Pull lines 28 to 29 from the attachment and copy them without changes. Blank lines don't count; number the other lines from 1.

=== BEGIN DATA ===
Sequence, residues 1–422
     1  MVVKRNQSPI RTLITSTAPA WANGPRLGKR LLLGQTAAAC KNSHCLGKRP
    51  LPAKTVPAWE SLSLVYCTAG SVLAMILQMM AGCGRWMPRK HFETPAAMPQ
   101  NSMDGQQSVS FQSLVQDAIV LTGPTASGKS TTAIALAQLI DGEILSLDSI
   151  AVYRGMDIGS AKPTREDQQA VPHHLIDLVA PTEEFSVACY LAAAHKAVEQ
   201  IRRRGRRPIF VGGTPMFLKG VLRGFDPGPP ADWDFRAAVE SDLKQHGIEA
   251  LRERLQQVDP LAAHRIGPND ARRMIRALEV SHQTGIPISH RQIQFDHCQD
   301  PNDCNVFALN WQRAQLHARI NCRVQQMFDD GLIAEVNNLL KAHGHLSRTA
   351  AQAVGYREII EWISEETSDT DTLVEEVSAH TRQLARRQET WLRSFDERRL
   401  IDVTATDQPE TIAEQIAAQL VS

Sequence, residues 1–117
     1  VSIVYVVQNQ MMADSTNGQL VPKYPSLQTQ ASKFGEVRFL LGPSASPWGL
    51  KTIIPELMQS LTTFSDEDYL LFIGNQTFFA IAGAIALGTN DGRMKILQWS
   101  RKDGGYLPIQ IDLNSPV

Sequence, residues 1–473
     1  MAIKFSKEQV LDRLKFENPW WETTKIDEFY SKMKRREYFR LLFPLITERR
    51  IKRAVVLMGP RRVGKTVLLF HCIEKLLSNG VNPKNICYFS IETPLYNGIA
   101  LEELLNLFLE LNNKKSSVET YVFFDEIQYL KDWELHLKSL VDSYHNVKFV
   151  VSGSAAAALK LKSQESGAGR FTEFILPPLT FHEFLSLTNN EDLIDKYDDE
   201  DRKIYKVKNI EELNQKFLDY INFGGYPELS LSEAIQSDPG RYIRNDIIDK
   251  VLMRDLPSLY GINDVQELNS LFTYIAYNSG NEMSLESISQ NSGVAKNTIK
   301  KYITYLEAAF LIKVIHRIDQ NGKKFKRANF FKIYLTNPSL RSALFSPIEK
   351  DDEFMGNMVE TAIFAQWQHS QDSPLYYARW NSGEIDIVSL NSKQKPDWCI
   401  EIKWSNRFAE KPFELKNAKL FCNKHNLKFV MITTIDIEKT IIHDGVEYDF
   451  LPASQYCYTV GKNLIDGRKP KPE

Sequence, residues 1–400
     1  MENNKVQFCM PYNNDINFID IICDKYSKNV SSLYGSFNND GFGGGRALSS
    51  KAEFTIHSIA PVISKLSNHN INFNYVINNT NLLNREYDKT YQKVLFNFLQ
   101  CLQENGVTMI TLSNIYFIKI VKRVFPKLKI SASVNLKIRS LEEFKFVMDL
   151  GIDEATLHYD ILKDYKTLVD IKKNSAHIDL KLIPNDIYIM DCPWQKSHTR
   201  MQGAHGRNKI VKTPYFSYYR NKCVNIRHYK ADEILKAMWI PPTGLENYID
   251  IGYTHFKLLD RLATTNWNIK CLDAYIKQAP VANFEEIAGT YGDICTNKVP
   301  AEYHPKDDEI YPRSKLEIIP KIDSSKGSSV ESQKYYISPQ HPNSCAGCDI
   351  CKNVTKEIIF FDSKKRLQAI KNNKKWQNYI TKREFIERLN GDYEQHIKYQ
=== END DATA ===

    51  KAEFTIHSIA PVISKLSNHN INFNYVINNT NLLNREYDKT YQKVLFNFLQ
   101  CLQENGVTMI TLSNIYFIKI VKRVFPKLKI SASVNLKIRS LEEFKFVMDL